IT WAS ONCE A MARK OF SHAME to admit that in your search for love you had resorted to the seemingly desperate measure of meeting “randoms and crazies” found on the Internet. But this stigma around online dating has now evaporated, as ever greater numbers sign up year-on-year, all concluding the same thing — that there is no other viable option for them to meet someone these days, within the busy, socially isolated lives we live.
FAILURE = SUCCESS ONLINE
But this realisation is tempered by the fact that the online dating app-owners are not aligned with our motive to find a partner online — a point that I discuss in my new guide to Internet dating. While the marketing of the online dating apps promotes the idea that their primary objective is to help us all find true love and live happily ever after, in fact, failure is the business model, just as it is in other industries founded on human fallibility, such as gambling or dentistry. Generally, they want us to not find a partner for as long as possible, because that is how they make their money, via subscriptions and in-app purchases. (Many female daters do not realise that men have to pay to connect with them, plus additional sums for special features). The apps first duty is not to lonely singletons looking for love, but to their company shareholders. Therefore they have no incentive for making their apps better — because better apps means better matches, which means more people leaving. Their ultimate goal is to stop people leaving — at least for a while. The apps are designed to create chaos, rather than order. It is precisely the fact that customers have to wade unsuccessfully through the endless mush that makes the business so lucrative for the dating app owners. Analysts predict that the global dating app market will be worth $12 billion by 2020. Match Group, which owns all the major platforms, has a market capitalisation of $2.3 billion. In 2018 it generated its biggest ever profit — nearly $500 million.
INTERNET SEX, NOT LOVE
If anything, the financial success of the industry is predicated on sex, not love — because if we find love, we leave, whereas if we (mainly men) perpetually seek hook-ups and one-night-stands, we stay. The people are the product, and so the companies need us to continually re-subscribe. One way they are trying to retain our patronage is by expanding their offering to allow people to use their platforms as places to meet friends or business connects, as well as to date. Consequently, the apps have now repositioned themselves as “social” rather than dating platforms. In 2019 Whitney Wolfe, CEO of Bumble, announced on CNBC that her company “is not a dating platform anymore, it is a connections platform.” ‘Tinder’ is also mutating from online dating into an entertainment app. In order to appeal to its core of 18-25-year-olds, it has just introduced ‘Swipe Night’, an interactive game in which users navigate an impending apocalypse on planet Earth, with matches then tailored to the decisions players make within the game itself.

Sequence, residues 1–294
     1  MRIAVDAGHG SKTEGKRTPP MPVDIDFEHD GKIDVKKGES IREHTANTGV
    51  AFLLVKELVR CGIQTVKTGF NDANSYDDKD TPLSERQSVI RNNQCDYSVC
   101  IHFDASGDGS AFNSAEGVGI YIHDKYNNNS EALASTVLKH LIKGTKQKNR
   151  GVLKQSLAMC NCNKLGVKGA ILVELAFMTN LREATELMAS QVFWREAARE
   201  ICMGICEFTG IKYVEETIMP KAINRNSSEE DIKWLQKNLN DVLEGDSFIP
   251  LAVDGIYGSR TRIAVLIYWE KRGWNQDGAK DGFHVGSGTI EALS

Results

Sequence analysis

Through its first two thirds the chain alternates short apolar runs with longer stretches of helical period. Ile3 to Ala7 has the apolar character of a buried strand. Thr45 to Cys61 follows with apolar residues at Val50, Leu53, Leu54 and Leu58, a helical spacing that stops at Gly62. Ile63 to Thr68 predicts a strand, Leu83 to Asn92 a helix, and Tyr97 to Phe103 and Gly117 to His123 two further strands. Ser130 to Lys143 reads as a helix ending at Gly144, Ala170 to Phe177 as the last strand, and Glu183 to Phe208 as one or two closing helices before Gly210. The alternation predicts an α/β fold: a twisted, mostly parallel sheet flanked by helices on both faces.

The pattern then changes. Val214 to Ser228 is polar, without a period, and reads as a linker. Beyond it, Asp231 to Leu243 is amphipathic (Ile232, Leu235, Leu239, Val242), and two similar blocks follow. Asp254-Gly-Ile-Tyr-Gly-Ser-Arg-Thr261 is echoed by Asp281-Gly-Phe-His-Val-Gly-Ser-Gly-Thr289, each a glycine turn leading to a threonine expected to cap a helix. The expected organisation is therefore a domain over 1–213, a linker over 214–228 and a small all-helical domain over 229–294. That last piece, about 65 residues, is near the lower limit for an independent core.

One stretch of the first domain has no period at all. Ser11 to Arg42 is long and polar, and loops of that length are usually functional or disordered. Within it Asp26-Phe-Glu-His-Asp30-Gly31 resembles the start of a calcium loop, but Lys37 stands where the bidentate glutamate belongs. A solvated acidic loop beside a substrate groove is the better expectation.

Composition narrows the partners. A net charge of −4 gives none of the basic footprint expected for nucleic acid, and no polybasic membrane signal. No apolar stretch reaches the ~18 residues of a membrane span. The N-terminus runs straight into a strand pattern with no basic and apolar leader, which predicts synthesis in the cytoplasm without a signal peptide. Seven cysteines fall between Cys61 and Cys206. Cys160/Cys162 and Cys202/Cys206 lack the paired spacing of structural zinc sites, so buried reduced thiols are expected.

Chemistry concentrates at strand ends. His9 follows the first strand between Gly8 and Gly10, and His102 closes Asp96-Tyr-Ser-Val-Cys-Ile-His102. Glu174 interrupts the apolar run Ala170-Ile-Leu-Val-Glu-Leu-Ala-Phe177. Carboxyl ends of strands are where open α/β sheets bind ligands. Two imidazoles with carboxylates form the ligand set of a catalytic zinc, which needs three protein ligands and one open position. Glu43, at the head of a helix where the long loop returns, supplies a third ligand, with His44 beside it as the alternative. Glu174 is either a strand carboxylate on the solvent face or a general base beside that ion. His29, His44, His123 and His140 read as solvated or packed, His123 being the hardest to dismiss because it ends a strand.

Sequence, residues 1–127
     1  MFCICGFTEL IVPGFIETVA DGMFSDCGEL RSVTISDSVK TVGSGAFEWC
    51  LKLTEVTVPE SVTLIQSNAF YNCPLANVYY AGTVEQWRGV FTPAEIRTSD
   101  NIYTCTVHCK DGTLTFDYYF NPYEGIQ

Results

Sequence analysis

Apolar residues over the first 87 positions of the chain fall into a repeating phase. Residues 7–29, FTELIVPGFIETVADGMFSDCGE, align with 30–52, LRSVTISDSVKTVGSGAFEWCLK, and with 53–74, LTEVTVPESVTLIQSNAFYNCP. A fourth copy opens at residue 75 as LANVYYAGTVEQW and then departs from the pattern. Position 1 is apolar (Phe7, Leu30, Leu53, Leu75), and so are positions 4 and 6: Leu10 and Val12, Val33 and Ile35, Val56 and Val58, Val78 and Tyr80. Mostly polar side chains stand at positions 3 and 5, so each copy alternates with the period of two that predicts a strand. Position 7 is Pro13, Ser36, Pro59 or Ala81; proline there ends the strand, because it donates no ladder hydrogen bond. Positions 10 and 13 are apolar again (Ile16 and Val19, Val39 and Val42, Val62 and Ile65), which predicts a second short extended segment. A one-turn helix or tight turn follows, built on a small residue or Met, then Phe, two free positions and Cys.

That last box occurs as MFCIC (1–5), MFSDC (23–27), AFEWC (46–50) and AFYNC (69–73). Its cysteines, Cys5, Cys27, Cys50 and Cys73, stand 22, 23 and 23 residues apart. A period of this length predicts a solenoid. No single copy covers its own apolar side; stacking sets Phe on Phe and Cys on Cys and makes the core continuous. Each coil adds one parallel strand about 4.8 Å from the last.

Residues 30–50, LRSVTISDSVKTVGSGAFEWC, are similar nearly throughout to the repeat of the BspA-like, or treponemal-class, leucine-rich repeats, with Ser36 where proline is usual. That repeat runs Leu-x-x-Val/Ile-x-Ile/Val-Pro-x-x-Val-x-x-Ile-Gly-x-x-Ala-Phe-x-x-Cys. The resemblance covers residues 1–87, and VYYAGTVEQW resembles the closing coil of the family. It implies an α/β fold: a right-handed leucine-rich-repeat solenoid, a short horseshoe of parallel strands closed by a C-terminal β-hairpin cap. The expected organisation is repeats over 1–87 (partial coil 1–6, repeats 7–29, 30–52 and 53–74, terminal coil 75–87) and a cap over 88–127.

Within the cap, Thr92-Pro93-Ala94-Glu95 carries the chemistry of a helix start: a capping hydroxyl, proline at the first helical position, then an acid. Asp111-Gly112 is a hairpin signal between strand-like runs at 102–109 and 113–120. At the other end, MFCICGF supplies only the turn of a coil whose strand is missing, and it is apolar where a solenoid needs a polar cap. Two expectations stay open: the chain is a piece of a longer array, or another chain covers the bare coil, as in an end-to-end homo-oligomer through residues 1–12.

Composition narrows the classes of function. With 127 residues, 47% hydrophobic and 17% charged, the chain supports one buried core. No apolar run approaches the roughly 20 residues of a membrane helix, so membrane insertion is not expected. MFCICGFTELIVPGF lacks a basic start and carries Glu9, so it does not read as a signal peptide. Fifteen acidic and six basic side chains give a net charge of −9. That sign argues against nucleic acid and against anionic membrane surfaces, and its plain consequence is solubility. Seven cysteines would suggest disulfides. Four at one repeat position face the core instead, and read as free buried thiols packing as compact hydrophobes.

These new ways of trying to persuade users not to leave the apps comes on the back of the fact that there is still no hard evidence that the apps actually work in forging long-term relationships for the majority of their users. Tim MacGougan, Chief Product Officer at dating app ‘Hinge’, confesses that, “81 per cent of Hinge users reported that they had never found a long-term relationship through a swiping app.”
The lack of convincing data suggests that the apps still have a long way to go in providing an effective love-matching service for their millions of lonely customers, and that the market may still have room for more workable alternatives. These alternatives are now on their way. Facebook for example, has now launched ‘Facebook Dating’. This may be good for the industry, if only to prevent Match Group from establishing a monopoly. And with Facebook now engaged, how long before Apple and Google enter? With these behemoths potentially looming, the existing dating apps will have to up their game, and make much needed improvements to their offerings if they are to survive in what is a transient and fickle market.
Author BenArogundade recounts his journey as an online dater, during which time he was stood up, verbally abused, propositioned for sex and asked to be a father to an unborn child. Along the way he offers singles the secrets and best practices they need to know to boost the quality of their matches, and presents the latest strategies, research-based guidelines and innovations to take their online profiles to new levels of excellence. Get it now at Amazon, £9.99/$12.99.